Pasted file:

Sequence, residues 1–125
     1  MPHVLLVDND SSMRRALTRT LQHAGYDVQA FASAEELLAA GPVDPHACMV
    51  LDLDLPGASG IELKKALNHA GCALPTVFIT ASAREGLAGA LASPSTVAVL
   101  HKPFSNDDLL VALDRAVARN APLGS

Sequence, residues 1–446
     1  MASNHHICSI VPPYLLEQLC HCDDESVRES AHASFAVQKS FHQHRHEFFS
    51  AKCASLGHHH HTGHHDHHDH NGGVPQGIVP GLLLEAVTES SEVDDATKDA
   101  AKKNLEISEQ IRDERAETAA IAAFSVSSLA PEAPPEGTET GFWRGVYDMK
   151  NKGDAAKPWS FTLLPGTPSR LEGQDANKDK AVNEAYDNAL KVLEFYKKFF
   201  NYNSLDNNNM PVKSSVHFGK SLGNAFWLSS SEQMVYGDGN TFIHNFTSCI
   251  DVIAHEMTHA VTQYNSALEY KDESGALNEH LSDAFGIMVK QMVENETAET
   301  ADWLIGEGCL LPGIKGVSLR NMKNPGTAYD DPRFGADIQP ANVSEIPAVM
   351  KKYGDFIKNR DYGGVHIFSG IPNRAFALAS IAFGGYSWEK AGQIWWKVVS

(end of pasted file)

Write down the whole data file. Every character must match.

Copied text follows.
Sequence, residues 1–125
     1  MPHVLLVDND SSMRRALTRT LQHAGYDVQA FASAEELLAA GPVDPHACMV
    51  LDLDLPGASG IELKKALNHA GCALPTVFIT ASAREGLAGA LASPSTVAVL
   101  HKPFSNDDLL VALDRAVARN APLGS

Sequence, residues 1–446
     1  MASNHHICSI VPPYLLEQLC HCDDESVRES AHASFAVQKS FHQHRHEFFS
    51  AKCASLGHHH HTGHHDHHDH NGGVPQGIVP GLLLEAVTES SEVDDATKDA
   101  AKKNLEISEQ IRDERAETAA IAAFSVSSLA PEAPPEGTET GFWRGVYDMK
   151  NKGDAAKPWS FTLLPGTPSR LEGQDANKDK AVNEAYDNAL KVLEFYKKFF
   201  NYNSLDNNNM PVKSSVHFGK SLGNAFWLSS SEQMVYGDGN TFIHNFTSCI
   251  DVIAHEMTHA VTQYNSALEY KDESGALNEH LSDAFGIMVK QMVENETAET
   301  ADWLIGEGCL LPGIKGVSLR NMKNPGTAYD DPRFGADIQP ANVSEIPAVM
   351  KKYGDFIKNR DYGGVHIFSG IPNRAFALAS IAFGGYSWEK AGQIWWKVVS